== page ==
Dexamethasone in Meningitis: The Evidence and Identifying Barriers to Care
Beyond mortality, the plague of bacterial meningitis on the body and central nervous system has been well described. Included in post-meningitis neurologic sequelae are sensorineural hearing loss, seizures, and focal neurologic deficits. Early administration of dexamethasone serves to reduce CNS cytokine production and limit the severe inflammation contributing to the development of these long-lasting neurologic effects. Furthermore, appropriate timing and dosing of dexamethasone therapy in these patients is crucial and can be easily overlooked. The recommended, evidence-based treatment approach with dexamethasone in patients with bacterial meningitis is:
IV 0.15 mg/kg Dexamethasone every 6 hours for 4 days. Give 15-20 minutes prior to the start of antibiotics or at the time of antibiotic administration.
Only administration of dexamethasone prior to or at the time of initiation of antibiotics has been shown to produce benefit. Administration of dexamethasone after antibiotic therapy has been shown to have no proven benefit and in one study was associated with wose outcomes. Communication with nursing is recommended to ensure proper timing of medications. Also, the QID nature of dexamethasone therapy provides further opportunities for inadequate and/or ineffective treatment strategies. Baseline knowledge that a repeat dose of corticosteroids should occur every 6 hours is the first step to maximize treatment benefit for these patients. Futhermore, recognize and identifiy that ED length-of-stay for these patient's can typically exceed 6 hours and that the second dose of dexamethasone may be due during the patient's stay in the ED. Finally, physical transition to an inpatient floor and transition-of-care to an inpatient provider provides multiple opportunities for repeat doses of dexamethasone to fall through the cracks. Diligence and enhanced communication with inpatient teams can serve to limit these barriers to therapy.
The Evidence: The top two studies looking at corticosteroids in the treatment of bacterial meningitis include a prospective, multicenter RCT published in 2002 and a Cochrane Review metanalysis published in 2015.
1. de Gans et al. "Dexamethasone in Adults with Bacterial Meningitis." New England Journal of Medicine. 2002. 347:1549-1556.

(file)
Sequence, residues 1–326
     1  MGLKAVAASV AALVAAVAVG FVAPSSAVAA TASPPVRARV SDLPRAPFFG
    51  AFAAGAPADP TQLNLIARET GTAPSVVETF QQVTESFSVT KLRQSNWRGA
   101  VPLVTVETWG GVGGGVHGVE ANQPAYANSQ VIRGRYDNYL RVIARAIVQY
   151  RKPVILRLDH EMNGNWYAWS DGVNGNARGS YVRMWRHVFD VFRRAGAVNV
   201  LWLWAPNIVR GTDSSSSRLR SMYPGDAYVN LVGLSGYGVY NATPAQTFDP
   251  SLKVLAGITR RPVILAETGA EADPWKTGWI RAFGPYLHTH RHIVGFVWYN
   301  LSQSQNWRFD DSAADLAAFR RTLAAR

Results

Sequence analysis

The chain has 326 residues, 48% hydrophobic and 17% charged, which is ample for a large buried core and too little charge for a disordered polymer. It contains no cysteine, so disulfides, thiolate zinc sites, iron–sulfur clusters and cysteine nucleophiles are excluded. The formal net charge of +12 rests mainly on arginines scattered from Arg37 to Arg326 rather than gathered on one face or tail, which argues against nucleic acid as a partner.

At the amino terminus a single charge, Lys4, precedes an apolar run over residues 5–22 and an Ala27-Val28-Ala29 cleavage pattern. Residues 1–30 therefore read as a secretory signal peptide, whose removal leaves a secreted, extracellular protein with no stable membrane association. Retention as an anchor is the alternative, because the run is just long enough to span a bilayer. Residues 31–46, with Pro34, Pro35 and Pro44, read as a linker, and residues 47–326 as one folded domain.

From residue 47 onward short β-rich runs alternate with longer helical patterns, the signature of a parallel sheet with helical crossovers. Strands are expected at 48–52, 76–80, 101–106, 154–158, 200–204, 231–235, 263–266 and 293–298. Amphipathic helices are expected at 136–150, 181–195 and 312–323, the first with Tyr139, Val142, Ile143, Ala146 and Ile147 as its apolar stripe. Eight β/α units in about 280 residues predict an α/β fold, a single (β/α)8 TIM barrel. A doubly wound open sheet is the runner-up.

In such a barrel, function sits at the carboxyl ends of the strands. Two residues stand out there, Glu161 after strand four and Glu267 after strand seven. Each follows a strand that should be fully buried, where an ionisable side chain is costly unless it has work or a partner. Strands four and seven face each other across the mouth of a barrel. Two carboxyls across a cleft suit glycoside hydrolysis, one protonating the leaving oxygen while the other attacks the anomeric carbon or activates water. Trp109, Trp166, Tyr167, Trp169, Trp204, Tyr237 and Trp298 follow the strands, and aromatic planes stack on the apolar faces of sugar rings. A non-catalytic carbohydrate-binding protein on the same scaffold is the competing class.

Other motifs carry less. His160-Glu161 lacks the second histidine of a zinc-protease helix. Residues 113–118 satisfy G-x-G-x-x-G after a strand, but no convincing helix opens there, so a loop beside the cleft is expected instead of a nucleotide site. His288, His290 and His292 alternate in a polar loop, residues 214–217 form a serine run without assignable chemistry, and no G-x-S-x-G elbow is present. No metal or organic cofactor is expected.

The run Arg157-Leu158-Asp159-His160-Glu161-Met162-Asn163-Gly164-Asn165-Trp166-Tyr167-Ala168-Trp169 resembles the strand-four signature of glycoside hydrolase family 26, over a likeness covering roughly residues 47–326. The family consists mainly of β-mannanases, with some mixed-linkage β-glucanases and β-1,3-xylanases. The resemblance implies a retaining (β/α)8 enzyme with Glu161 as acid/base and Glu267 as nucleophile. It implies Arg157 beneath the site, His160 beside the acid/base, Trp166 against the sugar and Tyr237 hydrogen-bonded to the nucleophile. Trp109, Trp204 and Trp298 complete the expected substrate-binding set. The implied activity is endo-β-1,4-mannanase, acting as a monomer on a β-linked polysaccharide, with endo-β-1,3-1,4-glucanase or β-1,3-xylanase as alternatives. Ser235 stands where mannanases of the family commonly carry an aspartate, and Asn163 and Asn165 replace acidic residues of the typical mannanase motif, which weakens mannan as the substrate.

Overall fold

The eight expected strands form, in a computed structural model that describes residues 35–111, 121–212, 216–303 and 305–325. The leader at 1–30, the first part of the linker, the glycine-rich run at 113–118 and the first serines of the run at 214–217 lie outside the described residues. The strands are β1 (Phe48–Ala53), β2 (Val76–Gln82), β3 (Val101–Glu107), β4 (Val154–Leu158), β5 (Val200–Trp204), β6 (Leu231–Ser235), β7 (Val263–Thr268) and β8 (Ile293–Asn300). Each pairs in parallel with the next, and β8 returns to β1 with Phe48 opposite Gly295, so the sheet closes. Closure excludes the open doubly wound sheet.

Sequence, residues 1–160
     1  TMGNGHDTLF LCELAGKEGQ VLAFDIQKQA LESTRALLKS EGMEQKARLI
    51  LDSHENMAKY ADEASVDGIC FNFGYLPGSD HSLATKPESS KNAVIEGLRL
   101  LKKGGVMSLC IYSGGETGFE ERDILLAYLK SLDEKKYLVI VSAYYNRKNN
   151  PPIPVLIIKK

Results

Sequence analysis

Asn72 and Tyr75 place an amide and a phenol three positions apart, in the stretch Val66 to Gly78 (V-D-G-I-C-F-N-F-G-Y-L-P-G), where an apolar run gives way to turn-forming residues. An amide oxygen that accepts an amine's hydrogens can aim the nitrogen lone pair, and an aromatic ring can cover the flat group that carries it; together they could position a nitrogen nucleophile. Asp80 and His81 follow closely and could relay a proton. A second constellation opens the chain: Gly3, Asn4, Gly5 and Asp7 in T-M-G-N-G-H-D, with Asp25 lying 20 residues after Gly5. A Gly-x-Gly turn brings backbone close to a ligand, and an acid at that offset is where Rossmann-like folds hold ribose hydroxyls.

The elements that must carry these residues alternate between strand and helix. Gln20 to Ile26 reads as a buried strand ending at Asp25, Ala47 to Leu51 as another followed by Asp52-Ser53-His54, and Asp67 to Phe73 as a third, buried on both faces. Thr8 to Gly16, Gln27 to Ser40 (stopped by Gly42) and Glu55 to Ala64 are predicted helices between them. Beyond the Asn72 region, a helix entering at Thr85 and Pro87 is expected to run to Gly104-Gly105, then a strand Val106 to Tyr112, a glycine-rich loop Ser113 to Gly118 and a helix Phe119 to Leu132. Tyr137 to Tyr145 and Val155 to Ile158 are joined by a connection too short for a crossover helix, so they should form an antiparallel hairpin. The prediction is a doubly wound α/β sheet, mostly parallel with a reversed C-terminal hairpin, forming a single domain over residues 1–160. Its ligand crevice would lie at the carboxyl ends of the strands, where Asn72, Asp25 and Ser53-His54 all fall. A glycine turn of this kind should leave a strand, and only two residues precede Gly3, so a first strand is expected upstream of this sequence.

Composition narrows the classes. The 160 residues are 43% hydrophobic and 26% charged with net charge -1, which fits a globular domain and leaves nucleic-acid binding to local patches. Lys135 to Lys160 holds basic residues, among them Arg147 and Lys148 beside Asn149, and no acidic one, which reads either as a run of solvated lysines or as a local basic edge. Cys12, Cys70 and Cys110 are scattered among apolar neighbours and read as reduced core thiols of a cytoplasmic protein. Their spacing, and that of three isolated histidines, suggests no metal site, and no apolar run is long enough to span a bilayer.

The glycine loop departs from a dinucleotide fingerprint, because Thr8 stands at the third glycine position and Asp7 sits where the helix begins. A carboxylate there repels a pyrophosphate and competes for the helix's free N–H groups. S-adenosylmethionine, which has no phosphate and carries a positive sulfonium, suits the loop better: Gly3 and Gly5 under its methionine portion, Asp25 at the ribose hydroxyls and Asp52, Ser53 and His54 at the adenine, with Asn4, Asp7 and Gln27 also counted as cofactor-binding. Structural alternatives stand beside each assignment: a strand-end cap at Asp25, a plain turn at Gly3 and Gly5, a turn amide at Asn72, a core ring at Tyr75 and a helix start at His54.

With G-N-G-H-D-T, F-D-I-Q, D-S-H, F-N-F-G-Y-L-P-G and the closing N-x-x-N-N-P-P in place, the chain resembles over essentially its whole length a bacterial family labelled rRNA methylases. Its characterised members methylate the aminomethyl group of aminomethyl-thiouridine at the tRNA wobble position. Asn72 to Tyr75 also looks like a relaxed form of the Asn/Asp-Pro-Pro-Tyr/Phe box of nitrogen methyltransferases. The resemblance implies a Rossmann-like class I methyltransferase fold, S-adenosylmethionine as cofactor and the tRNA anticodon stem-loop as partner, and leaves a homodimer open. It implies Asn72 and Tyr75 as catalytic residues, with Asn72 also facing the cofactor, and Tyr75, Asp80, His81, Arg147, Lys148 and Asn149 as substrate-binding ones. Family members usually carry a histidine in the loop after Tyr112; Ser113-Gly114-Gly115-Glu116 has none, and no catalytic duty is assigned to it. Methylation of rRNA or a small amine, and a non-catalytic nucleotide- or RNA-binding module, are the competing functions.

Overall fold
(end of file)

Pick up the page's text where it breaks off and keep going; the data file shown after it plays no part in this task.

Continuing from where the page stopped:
Study Design: Prospective, randomized, double-blinded, multicenter trial examining adjuvent treatment with dexamethasone compared to placebo in 301 adult patients with bacterial meningitis.
- Primary: Glasgow Outcome Scale at 8 weeks.
- Secondary: Death, Focal Neurologic Deficit, Hearing Loss, GI Bleeding, Fungal Infection, Herpes Zoster, Hyperglycemia
- Unfavorable outcomes (decrease in Glasgow Outcome Scale) in dexamethasone group 15%, placebo group 25%. RR 0.59 (95% CI 0.37-0.94, p=0.02)
- Death in dexamethasone group 7%, placebro group 15%. RR 0.48 (95% CI 0.24-0.96, p=0.04)
- Differences in unfavorable outcome (Glasgow Outcome Scale) and death were only significant when treating Streptococcus pneumoniae bacterial meningitis. No difference when treating other organisms.
- No significant difference in treatment groups neurologic sequelae including hearing loss
2. Brouwer et al. " Corticosteroids for Bacterial Meningitis." Cochrane Database of Systematic Reviews. September 2015.
Study Design: Metanalysis of 25 randomized control trials of corticosteroids in bacterial meningitis. Included 4121 patients (adults and children). Four of the studies were deemed high quality with no risk of bias.
- Corticosteroids were associated with lower rates of hearing loss (RR 0.67), any hearing loss (RR 0.74), and neurologic sequelae (RR 0.83)
- Corticosteroids were associated with reduction in mortality when treating Streptococcus pneumoniae bacterial meningitis (RR 0.84)
- Corticosteroids were associated with non-significant reduction of all mortality (17.8% vs 19.9%, RR 0.9 95% CI 0.8-1.01 p=0.07)
- Author Conclusions: Corticosteroids significantly reduced hearing loss and neurologic sequelae but did not reduce overall mortality.